Long hours. High stress. Not enough time to stop and regroup.
These are the causes of burnout, and more than half of responding doctors reported feeling its effects in a 2014 survey by Mayo Clinic and the American Medical Association.
With Labor Day approaching, we thought we’d take a look at five ways hospitals are trying to make the workplace better to stave off an “epidemic” of clinician burnout.
At Hennepin County Medical Center in Minneapolis, administrators created a “reset room” where employees can grab a quiet moment to themselves or take a quick nap.
Fashioned out of vacant office space, the room creates a calming ambiance with LED lights, flameless candles, and a sound machine. Caregivers at the hospital, which is designated a Level 1 trauma center, can flip on the “in-use” sign to steal a private moment during a hectic day.
“There is nowhere to go in a hospital to just stop for a minute before you go back to your typical 12- or 14-hour day,” said Mark Linzer, director of the office of professional work-life at Hennepin. “The idea really is just to sit.”
Tapping the spiritual
At MD Anderson Cancer Center in Houston, physicians and nurses visit a prayer labyrinth to recover from a sad or stressful episode in the facility, Wellness Officer William Baun said.
“Let’s say you’re a physician that just did eight surgeries today, or actually lost someone — you’ve got to be able to let go of that grief,” Baun said. “So you can go to this prayer labyrinth and walk for five minutes with the intention of doing that.”
Baun said M.D. Anderson, whose campus consists of 85 buildings, also maintains elaborate gardens and outdoor spaces that offer respite from the hospital’s fluorescent-lighted hallways and operating rooms. “We have a prairie that looks like Texas looked like when there were no buildings,” he said. “You see rabbits and birds — all the flowers you don’t have to plant that come out of the ground in Texas.”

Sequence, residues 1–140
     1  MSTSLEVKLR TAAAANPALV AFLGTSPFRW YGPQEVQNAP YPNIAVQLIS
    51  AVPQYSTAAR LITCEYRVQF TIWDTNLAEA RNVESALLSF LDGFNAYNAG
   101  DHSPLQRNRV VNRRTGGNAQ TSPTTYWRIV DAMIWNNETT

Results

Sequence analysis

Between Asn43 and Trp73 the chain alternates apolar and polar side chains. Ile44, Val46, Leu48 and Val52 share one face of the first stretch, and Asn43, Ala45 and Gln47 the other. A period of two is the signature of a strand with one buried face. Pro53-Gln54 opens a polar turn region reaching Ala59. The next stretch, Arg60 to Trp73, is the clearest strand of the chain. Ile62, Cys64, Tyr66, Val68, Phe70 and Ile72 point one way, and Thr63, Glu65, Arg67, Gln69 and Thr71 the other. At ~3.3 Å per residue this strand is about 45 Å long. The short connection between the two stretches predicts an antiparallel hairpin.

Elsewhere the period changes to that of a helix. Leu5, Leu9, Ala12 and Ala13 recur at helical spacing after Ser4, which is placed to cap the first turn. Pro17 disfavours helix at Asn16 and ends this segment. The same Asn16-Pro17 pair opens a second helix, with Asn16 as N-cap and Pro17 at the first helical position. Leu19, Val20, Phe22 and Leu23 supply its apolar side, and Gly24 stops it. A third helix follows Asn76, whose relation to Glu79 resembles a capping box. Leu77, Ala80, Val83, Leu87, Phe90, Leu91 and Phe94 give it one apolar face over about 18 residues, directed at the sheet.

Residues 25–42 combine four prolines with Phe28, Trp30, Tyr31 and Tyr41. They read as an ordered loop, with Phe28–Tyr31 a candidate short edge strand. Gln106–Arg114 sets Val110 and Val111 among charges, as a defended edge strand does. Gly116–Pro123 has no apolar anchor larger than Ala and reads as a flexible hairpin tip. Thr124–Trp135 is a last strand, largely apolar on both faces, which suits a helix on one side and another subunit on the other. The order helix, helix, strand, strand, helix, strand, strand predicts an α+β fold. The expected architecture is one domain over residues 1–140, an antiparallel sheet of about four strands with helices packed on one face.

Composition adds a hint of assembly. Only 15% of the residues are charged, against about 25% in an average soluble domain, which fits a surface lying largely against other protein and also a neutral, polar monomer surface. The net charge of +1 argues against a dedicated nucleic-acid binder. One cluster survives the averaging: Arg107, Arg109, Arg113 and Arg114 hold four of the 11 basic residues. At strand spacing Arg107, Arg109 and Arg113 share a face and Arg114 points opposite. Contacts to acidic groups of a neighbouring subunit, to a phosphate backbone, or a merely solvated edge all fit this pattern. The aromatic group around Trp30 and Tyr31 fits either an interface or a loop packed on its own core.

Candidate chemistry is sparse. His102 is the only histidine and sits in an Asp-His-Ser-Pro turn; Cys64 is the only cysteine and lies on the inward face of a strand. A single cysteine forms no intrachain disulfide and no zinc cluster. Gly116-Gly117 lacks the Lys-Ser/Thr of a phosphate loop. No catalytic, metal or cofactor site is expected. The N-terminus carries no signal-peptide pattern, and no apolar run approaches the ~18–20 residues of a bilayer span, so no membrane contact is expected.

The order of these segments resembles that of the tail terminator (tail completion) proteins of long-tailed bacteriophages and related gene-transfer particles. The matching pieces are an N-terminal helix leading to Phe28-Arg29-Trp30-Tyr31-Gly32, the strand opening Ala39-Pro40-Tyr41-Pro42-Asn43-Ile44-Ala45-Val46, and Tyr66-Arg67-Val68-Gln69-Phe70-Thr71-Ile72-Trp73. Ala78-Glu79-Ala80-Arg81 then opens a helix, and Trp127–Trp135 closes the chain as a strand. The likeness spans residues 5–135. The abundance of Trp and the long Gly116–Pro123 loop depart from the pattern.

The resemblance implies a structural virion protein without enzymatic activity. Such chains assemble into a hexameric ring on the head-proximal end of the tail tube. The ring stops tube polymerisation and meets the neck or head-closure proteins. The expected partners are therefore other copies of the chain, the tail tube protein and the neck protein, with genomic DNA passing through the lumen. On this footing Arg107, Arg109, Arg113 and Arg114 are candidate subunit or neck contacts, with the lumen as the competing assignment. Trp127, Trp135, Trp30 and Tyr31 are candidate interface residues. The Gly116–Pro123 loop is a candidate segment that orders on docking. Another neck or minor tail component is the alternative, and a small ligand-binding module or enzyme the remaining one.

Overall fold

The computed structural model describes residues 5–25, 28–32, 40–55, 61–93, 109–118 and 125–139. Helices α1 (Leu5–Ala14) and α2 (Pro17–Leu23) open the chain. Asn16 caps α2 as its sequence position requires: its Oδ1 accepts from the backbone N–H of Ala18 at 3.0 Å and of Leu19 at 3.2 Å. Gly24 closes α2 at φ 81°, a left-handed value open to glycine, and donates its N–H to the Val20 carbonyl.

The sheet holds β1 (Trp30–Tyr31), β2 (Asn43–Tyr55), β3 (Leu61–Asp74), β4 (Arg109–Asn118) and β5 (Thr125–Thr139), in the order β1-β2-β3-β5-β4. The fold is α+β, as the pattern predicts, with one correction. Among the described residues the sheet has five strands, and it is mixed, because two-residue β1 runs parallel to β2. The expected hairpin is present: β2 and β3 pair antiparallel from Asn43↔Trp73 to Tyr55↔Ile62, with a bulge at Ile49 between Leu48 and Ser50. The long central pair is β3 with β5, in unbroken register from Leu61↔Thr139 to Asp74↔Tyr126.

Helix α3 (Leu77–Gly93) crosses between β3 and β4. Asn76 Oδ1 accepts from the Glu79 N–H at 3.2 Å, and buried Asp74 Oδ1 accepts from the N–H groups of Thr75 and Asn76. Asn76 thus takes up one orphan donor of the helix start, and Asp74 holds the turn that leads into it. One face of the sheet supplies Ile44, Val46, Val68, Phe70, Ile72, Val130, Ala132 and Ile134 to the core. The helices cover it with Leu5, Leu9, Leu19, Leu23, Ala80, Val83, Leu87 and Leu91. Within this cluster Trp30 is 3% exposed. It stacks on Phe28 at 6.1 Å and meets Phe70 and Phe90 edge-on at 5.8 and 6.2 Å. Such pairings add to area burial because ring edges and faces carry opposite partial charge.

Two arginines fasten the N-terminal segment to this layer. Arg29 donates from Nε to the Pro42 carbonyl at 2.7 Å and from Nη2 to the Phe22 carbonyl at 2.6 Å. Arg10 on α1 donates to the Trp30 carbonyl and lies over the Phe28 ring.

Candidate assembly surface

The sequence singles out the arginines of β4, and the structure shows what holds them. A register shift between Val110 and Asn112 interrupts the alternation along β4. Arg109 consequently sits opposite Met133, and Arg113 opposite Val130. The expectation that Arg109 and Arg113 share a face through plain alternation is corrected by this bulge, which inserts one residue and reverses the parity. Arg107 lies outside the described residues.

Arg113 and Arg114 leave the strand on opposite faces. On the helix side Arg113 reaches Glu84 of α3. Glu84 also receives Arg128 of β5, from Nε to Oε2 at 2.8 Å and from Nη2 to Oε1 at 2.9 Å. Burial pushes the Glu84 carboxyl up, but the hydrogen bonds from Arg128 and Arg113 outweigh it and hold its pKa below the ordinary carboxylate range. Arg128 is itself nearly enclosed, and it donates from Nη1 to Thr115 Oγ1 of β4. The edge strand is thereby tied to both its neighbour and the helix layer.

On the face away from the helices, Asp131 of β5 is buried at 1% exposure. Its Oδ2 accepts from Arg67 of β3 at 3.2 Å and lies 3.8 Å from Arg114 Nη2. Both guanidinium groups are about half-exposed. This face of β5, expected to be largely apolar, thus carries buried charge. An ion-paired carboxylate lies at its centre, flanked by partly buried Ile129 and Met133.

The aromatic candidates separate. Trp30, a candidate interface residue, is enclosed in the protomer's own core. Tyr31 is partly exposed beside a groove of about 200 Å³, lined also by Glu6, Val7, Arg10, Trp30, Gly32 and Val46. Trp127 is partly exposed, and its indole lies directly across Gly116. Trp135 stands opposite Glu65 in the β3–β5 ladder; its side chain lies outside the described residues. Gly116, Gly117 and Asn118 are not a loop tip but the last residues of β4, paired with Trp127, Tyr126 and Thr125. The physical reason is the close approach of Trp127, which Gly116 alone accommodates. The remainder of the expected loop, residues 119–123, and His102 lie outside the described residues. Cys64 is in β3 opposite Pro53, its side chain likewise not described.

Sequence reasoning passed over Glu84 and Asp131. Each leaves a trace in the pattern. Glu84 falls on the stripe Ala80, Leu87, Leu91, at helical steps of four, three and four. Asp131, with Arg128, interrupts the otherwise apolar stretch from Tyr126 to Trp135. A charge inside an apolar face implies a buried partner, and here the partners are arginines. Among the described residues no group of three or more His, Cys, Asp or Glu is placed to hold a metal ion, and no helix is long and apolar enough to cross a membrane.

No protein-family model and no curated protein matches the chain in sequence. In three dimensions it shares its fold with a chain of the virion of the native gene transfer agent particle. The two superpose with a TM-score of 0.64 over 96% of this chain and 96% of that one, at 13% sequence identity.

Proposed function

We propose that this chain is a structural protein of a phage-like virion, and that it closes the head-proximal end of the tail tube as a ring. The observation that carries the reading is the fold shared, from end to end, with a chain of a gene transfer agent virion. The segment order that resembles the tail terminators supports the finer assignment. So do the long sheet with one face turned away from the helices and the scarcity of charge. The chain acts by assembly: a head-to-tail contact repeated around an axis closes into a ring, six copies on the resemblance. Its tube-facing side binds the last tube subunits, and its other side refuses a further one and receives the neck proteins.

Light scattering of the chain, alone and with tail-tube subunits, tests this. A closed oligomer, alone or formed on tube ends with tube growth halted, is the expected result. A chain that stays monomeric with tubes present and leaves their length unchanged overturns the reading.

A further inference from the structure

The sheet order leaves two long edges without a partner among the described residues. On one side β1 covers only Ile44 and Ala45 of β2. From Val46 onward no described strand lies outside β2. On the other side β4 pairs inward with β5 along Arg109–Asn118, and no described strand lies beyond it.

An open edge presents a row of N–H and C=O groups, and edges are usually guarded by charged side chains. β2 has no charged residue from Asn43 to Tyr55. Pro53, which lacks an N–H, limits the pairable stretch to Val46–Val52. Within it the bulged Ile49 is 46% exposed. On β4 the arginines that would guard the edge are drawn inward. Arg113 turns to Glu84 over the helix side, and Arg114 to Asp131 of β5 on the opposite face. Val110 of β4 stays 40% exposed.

Arts, crafts, and live music
Hospital arts programs are going beyond pinning a few colorful paintings on the walls.
At MedStar Georgetown University Hospital in Washington, D.C., nurses and doctors listen to live music, dance, and work on a wide range of projects, from bracelet making to creative writing. Julia Langley, director of the hospital’s Lombardi Arts & Humanities Program, said it is crucial for front-line caregivers to have a creative outlet.
“There is an unbelievable amount of stress in health care,” she said. “What we provide with visual art, music, and dance are moments that can take their attention away from the stress.”
The hospital holds creative writing sessions, some as short as 20 minutes, where caregivers can explore their thoughts away from the office. It also uses dancers and yoga teachers to lead five-minute stretching sessions in units throughout the facility. That service is particularly popular with nurses who are constantly moving, lifting, and pushing, Langley said. “This gives them a chance to stretch and breathe,” she said.
Relieving information overload
Cleveland Clinic administrators are targeting a primary source of stress for physicians: the electronic medical records system.
Record-keeping requirements force most physicians to spend more time working on computers than treating patients, which is not why they joined the profession, said Dr. Sumita Khatri in the Cleveland Clinic Pathobiology Department.